I’ve spent my life trying to find the algorithm for humans’ relationship with nature. How do we reach net-zero without compromising biodiversity, or consigning people to poverty? How can well-meaning local activities avoid unintended consequences far away? How can governments, businesses, and environmentalists collaborate for human flourishing, rather than blocking one another?
When I worked for Eco-Congregation Scotland we talked about ‘stewardship of creation’, and I promoted WWF’s ‘footprint’ quiz – measuring your impact on earth, to help you tread more lightly. Then, feeling somewhat jaded by the lack of impact the third sector was having, I went off to do a history PhD – but the question of our relationship with nature kept nagging me. I networked and hovered in the space between commercial forestry and conservation, and met some amazing people who were developing ‘Natural Capital’ – the first of four interrelated concepts providing a framework to answer these questions:
Natural capital is simply planet Earth – rocks, soil, water, atmosphere, and all living things – viewed from the specific perspective of its ability to support human life.
Ecosystem services are the revenue of natural capital: food, water, clothes, houses, transport, clean air, health, wellbeing.
Circular Economy is the system of ensuring that in harvesting the revenue we need, we reinvest in, rather than depleting, our planetary capital. This means taking account of everything (Natural Capital accounting), using mineral resources so wisely that they are a closed loop, and ensuring new biological inputs are from systems which are not merely sustainable, but regenerative.
Regenerative production is where farmers and foresters come in. Managing land to produce and restore simultaneously drives circular economy. The land produces food; timber for housing, packaging, clothing and other products; renewable energy; medicines and beauty products. It can also sequester carbon and support biodiversity, and regenerative production is the art of doing doing all of these at once.
Here is that complete model of how humans can live on our crowded planet. The economic model could also be expressed as a philosophical insight: the more you give back to the earth, the more richly it will reward you.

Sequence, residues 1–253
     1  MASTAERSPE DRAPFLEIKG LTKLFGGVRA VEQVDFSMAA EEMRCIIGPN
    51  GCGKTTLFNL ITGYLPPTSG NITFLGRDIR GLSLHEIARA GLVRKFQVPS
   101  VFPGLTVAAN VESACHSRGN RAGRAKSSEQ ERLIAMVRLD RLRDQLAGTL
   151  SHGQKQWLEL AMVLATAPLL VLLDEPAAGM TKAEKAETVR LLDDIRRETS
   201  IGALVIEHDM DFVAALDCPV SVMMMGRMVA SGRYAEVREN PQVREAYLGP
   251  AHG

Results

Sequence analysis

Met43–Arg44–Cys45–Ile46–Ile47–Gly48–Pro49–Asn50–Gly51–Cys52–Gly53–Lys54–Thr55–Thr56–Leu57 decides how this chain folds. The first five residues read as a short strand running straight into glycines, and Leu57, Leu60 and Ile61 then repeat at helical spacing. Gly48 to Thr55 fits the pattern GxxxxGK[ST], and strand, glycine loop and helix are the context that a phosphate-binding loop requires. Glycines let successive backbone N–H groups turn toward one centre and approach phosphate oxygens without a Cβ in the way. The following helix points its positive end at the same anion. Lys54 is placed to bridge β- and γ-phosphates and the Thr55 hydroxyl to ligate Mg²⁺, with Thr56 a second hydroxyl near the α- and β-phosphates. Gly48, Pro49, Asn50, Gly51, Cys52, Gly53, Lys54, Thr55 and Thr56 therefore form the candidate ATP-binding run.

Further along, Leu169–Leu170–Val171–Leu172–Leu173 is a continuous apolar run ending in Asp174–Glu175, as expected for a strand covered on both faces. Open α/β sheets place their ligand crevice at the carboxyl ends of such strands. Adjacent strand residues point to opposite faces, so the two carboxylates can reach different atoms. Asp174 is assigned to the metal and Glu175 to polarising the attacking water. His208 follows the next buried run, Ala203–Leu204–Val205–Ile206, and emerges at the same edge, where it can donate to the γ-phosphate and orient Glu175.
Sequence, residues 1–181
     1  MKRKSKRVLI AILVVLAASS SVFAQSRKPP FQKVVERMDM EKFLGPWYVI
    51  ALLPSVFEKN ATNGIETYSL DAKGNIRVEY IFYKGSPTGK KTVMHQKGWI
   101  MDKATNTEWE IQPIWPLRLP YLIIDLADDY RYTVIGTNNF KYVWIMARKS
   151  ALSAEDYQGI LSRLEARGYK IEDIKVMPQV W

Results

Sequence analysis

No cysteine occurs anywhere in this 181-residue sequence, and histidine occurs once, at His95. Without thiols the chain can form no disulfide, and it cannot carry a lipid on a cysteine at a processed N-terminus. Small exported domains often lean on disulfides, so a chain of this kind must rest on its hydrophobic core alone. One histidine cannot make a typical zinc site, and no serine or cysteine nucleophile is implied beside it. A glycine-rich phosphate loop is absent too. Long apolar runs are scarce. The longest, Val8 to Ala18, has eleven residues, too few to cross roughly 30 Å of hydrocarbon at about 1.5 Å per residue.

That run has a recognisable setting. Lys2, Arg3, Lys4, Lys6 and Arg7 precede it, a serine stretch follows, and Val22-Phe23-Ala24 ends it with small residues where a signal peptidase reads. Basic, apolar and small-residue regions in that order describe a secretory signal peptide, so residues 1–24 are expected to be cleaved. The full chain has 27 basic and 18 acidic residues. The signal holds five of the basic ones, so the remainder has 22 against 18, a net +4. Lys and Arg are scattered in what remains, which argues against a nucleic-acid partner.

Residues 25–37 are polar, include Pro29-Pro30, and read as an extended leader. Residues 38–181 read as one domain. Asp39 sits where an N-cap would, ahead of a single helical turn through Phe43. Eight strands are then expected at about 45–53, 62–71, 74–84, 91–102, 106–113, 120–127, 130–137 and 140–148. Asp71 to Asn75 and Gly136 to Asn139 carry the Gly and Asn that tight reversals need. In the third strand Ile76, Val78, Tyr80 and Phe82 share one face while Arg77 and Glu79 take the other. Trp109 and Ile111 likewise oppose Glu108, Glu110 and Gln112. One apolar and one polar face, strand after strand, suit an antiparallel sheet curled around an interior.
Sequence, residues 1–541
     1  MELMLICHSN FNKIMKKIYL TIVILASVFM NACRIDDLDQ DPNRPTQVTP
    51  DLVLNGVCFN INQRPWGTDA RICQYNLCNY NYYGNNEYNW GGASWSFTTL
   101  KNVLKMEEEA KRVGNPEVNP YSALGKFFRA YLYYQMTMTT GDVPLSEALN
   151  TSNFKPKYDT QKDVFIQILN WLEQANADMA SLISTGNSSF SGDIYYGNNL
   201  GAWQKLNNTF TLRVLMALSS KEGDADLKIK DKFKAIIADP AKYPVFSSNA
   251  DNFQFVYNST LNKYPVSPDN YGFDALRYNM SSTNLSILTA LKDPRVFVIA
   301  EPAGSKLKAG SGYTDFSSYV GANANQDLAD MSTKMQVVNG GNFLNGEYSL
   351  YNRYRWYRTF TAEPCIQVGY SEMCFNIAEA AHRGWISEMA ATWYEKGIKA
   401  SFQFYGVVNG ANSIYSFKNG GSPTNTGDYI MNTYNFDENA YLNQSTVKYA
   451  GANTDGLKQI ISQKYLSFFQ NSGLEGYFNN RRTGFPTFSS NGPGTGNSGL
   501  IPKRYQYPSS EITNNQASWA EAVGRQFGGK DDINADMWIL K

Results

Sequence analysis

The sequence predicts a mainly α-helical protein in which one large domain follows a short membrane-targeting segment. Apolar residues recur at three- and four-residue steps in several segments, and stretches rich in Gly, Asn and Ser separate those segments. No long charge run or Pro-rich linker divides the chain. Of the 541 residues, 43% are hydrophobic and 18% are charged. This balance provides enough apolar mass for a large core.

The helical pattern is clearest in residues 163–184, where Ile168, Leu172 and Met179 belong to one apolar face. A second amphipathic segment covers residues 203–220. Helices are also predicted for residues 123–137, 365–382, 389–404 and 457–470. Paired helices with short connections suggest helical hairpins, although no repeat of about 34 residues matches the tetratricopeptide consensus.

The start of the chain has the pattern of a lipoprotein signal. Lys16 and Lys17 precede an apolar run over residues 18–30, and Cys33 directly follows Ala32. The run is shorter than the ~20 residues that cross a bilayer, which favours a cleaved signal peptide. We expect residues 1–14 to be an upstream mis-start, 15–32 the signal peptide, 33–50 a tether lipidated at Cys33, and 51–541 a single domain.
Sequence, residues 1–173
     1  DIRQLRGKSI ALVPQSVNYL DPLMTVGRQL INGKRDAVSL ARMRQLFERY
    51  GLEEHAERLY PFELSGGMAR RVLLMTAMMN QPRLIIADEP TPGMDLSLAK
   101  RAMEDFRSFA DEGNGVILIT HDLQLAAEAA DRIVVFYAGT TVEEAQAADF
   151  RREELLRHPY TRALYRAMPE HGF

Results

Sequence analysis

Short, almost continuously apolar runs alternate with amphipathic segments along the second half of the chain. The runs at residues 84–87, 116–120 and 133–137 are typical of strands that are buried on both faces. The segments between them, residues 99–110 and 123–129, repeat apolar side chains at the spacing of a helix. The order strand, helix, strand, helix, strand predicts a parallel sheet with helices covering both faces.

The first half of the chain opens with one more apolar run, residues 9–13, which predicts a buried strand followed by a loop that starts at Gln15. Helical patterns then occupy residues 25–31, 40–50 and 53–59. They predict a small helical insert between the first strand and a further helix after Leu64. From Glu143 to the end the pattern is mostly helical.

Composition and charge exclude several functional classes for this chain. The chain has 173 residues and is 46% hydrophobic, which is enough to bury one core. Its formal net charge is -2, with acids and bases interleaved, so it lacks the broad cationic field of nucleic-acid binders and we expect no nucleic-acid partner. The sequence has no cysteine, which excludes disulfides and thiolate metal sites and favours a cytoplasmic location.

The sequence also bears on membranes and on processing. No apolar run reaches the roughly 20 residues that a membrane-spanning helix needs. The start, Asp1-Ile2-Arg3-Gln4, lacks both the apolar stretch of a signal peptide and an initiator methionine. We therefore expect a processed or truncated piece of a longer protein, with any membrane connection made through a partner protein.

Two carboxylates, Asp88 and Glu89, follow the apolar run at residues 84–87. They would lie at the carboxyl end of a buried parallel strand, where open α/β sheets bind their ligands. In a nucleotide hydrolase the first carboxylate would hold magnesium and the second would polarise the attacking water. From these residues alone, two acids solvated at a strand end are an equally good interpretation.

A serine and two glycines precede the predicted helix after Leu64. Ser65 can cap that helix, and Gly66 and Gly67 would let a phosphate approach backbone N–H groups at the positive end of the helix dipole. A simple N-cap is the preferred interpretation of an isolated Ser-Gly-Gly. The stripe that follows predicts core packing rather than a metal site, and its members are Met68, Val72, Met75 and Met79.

The Natural Capital model structures complex interactions, and links disparate sectors. In practice, it involves extending our accounting to cover not just those flows of goods and services which have financial value, but every change, whether taking or giving, good or bad, we effect on the world around us. This applies to business accounts, farm accounts, third sector accounts, the nation’s or world’s accounts, or our own personal income, expenditure, and lifestyle. Our every breath, every cup of tea, is part of the global carbon and water cycles. There’s another philosophical insight: we are intimately connected to everything on earth.
This is why Natural Capital is such a fast-developing, all-encompassing concept. Carbon payments, pricing nature, scope-three emissions, river catchment plans: many of the strange new initiatives that are poking into undisturbed corners of our activity are outworkings of this new conceptual framework to fix our relationship with nature.
Galbraith is already connected: it’s a people-based company, managing natural resources for the long term, across forestry, land, energy and the built environment, across England and Scotland. It is already managing natural capital, and my role is simply helping structure and align the team’s activities with this emerging economic framework, as governments and businesses begin to participate in it. The excitement at the opportunities it creates is palpable – not just amongst the partners who decided to invest in this new role, but amongst young graduate trainees, traditional farming clients and new investors in land. Global political and market signals are all pointing towards increased importance of Natural Capital approaches, and businesses who want to be on the front foot are driving its implementation.
Natural Capital: Galbraith’s expert advisers guide our clients in realising value in all land uses – by assessing and measuring natural assets, furthering opportunities in biodiversity net gain, and ensuring stakeholders are rewarded fully for their investment in and contribution to delivering ecosystem services and net-zero outcomes.